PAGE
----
The Entertainment Authority, a new government entity established through the Vision, has taken the lead in organizing a series of concerts, comedy shows, and other performances of a type never before seen in the Kingdom. These restrictions have been largely due to the government’s centuries-old alliance with religious scholars (ulama) of the Wahhabi strand. The relationship requires Al Saud ruling family to respect a highly conservative and textualist understanding of Islam in order to maintain religious legitimacy as guardians of the two holy mosques. Wahhabi authorities focus their efforts on both cleansing Islam of what they consider incorrect religious practices (namely the ratification of innovations – from cemeteries to cinemas) as well as preserving a literal interpretation of the Qurʾan. In an effort to reconcile a wider variety of secular entertainment options with this alliance, the chairman of the Entertainment Authority, Ahmed al-Khateeb, assures that “[w]e have rejected more than 150 activities that we considered to be violating Islamic tenets…We will never abandon this line and will never do anything that may be against the Kingdom’s consistent policies.”
Some members of the ulama have made public complaints on Twitter, placing the blame primarily on performers themselves or on the Entertainment Authority, rather than on members of the ruling family or the government, for allowing this immoral and inappropriate entertainment. Gender mixing during Comic-Con in Jeddah, to which an estimated 7,000 Saudi-based fans flocked in February, fueled more complaints about unseemly behavior. A 2016 decision further shifted the balance of power away from the ulama, stripping them of their authority to arrest and urging them to act “kindly and gently” in their enforcement of appropriate, Wahhabi-defined, public behavior.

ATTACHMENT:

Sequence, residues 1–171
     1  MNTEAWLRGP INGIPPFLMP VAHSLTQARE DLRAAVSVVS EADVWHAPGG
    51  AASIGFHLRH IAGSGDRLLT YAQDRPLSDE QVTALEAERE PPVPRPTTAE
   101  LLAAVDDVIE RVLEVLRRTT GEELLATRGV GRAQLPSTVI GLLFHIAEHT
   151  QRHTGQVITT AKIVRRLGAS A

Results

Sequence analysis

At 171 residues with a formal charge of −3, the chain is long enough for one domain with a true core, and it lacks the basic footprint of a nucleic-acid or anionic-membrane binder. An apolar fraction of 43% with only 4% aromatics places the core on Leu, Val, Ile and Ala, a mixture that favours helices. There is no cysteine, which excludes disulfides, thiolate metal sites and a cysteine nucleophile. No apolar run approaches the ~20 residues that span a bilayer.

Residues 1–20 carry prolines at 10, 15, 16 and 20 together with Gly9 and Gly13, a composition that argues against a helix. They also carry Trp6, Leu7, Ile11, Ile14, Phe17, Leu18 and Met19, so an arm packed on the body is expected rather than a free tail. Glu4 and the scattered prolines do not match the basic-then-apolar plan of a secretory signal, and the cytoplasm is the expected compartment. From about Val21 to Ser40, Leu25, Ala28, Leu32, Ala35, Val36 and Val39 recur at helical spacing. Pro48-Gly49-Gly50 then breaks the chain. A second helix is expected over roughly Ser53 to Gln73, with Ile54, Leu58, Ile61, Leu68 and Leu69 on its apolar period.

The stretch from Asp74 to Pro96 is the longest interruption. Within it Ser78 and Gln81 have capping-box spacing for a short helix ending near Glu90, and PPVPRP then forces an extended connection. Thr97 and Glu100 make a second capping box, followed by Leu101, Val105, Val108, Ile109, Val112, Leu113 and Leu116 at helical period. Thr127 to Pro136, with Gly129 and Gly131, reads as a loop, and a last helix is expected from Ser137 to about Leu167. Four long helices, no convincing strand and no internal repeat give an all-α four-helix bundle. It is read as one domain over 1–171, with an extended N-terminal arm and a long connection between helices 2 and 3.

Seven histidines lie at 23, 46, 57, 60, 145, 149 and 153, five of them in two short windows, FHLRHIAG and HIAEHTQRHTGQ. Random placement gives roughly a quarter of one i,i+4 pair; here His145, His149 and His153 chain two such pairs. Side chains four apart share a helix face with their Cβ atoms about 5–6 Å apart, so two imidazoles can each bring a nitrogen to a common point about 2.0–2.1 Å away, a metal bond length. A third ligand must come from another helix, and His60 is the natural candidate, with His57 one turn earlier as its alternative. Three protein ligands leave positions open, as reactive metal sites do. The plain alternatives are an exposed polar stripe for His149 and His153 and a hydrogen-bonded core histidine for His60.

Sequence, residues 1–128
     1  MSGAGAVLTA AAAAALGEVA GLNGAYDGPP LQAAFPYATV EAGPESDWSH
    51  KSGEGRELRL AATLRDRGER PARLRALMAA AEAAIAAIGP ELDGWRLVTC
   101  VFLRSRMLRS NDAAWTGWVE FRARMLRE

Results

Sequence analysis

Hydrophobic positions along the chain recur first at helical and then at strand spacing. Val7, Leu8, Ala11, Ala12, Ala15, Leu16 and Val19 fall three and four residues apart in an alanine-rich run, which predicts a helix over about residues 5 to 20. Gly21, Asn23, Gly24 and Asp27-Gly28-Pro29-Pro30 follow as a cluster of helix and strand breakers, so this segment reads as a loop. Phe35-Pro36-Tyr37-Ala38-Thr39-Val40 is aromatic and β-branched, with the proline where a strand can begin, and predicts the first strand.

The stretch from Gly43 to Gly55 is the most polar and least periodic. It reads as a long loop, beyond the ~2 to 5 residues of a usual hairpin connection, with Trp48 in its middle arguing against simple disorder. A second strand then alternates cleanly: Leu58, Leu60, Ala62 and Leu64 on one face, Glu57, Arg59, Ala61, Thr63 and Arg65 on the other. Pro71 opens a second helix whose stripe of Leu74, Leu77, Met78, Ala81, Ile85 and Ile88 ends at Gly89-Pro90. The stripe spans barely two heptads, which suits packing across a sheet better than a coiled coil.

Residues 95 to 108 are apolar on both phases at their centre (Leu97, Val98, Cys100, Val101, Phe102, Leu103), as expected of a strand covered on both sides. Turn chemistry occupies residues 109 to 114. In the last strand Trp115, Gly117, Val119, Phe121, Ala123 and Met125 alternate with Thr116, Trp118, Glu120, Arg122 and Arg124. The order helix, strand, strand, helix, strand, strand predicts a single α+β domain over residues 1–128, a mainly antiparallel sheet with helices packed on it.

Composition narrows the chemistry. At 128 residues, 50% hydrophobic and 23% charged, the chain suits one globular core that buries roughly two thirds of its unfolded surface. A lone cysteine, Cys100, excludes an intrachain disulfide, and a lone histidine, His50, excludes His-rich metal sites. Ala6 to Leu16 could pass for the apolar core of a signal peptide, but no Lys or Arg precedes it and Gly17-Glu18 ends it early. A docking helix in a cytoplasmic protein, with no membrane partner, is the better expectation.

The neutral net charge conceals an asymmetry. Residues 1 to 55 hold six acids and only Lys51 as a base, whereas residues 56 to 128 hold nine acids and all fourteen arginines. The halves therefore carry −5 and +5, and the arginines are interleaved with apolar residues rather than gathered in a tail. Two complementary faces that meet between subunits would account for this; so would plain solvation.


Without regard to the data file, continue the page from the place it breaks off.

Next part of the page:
The increasing centralization of government authority and the government’s taking on of new social responsibilities could also alter social life more broadly by changing the position of women. For instance, the Vision states the ambitious goal of increasing the percentage of women in the workforce from 22 to 30 by 2030. Furthermore, in February, the first licenses for women’s gyms were granted, with plans to establish them in all major neighborhoods. Women’s gyms were previously marketed as expensive and exclusive health centers, and, though the new facilities will not allow competitive sports, their existence does grant women more choice in terms of entertainment options. Nonetheless, the major question of allowing women to drive remains. Deputy Crown Prince Mohammed bin Salman, the main government backer of the Vision, did state, however, that the issue is cultural, rather than religious, and that Saudi society “is not convinced about women driving.” With subsidies being stripped and with value-added taxation (VAT) to be imposed in January 2018, some women who previously hired drivers may be less able to afford them, and the government may be forced to deal with the issue head-on. The precedent has been set in the Gulf for social liberalization to come from the top, even when it is not necessarily popularly supported. This occurred in Kuwait, when the amir decreed the right of women to vote in 2005 after it had been voted down in parliament. It remains to be seen, however, just how committed the Saudi government is to using the Vision to change the role of women in economic and social life.